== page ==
"Is domestic violence more frequent in homosexual partnerships? The 1996 National Household Survey of Drug Abuse, based upon a random sample of 12,381 adults aged 18 to 59 years, estimated that 828,900 men and 828,678 women engaged in homosexuality in the prior 12 months. Random surveys indicated that at any given time, 29% of homosexual men and 32% of homosexual women are in same-sex partnerships. The National Criminal victimization Survey for 1993 to 1999 reported that 0.24% of married women and 0.035% of married men were victims of domestic violence annually versus 4.6% of the men and 5.8% of the women reporting same-sex partnerships. Domestic violence appears to be more frequently reported in same-sex partnerships than among the married."

    There are several issues I need to take with this study. Would you please regard,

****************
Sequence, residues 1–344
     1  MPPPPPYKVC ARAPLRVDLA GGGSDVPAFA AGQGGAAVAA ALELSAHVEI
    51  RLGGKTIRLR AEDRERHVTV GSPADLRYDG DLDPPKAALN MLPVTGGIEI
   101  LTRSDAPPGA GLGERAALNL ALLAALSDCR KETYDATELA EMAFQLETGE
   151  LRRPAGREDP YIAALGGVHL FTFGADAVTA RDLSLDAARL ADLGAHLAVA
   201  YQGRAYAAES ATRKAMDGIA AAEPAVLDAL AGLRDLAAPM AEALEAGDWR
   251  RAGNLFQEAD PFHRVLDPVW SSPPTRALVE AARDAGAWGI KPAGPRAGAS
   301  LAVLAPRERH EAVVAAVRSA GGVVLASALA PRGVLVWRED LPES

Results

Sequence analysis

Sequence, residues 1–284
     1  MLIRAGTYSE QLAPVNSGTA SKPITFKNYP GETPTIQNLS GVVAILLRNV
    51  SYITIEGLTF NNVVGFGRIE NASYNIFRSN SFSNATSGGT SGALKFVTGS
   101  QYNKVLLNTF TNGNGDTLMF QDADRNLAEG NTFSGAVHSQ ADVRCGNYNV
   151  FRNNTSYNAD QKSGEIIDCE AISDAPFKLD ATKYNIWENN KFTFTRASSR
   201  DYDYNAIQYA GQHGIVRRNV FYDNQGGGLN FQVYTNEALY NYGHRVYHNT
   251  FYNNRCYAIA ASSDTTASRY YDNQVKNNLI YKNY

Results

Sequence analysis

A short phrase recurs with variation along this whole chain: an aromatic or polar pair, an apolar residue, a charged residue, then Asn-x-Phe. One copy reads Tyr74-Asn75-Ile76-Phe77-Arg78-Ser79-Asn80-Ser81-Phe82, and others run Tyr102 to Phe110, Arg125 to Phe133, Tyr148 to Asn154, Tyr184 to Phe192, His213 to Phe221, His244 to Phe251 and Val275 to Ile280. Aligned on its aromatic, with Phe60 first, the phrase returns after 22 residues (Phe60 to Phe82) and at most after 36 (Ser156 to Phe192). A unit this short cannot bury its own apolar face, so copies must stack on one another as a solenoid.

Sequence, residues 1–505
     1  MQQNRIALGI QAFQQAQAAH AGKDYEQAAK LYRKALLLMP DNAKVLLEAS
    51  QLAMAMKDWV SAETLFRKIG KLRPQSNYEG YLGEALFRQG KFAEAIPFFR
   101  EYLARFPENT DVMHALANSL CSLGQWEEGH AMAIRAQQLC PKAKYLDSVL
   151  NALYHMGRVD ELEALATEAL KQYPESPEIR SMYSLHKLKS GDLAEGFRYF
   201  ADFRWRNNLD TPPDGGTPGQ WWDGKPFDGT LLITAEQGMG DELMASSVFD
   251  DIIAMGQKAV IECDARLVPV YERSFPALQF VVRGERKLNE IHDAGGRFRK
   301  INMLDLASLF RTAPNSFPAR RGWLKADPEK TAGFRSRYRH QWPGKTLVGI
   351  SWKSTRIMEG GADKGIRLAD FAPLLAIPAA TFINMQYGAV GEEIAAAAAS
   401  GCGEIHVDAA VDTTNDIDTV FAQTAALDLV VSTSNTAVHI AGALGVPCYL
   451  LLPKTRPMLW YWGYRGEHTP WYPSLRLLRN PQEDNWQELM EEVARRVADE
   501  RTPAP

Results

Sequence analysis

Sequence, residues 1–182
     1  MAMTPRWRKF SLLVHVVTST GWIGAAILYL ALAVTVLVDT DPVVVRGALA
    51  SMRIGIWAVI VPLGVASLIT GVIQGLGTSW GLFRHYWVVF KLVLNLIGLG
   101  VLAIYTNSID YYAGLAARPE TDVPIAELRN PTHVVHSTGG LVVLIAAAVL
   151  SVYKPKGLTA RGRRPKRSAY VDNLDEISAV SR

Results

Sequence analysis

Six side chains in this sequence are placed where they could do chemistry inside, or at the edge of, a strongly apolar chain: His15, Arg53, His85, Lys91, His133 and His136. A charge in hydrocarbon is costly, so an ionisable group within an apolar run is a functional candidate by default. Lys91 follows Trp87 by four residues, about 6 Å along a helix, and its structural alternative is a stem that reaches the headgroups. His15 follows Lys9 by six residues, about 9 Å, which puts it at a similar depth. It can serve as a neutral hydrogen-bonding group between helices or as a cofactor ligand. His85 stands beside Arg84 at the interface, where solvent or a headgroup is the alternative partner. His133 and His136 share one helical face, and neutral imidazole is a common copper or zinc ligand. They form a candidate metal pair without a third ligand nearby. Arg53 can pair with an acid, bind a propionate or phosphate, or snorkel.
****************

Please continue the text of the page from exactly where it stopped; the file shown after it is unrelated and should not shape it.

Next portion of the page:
• Vince
    Oct. 20, 2009 7:53 a.m.

    To Joe Re: Domestic violence in hetero households versus gay households

    * This is contracted by statistics released by The American Bar Association where they cite,

    11% of lesbians reported violence by their female partner and 15% of gay men who had lived with a male partner reported being victimized by a male partner.

    Patricia Tjaden, Symposium on Integrating Responses to Domestic Violence: Extent and Nature of Intimate Partner Violence as measured by the National Violence Against Women Survey, 47 Loy. L. Rev. 41, 54 (2003).

    The presentation of this other set of statistics is quite different than what your study showed. I tried to find a source which was not right conservative fundamentalist Christian and at the same was not biased towards the LGBT community to find some objectivity.

    Further, the statistics with male-female levels of domestic violence incidents are not defended in other sources:

    In a 1995-1996 study conducted in the 50 States and the District of Columbia, nearly 25% of women and 7.6% of men were raped and/or physically assaulted by a current or former spouse, cohabiting partner, or dating partner/acquaintance at some time in their lifetime." (cont)

  • Rebeckah
    Oct. 20, 2009 8:26 a.m.

    "Religious freedom does not require government benefits.”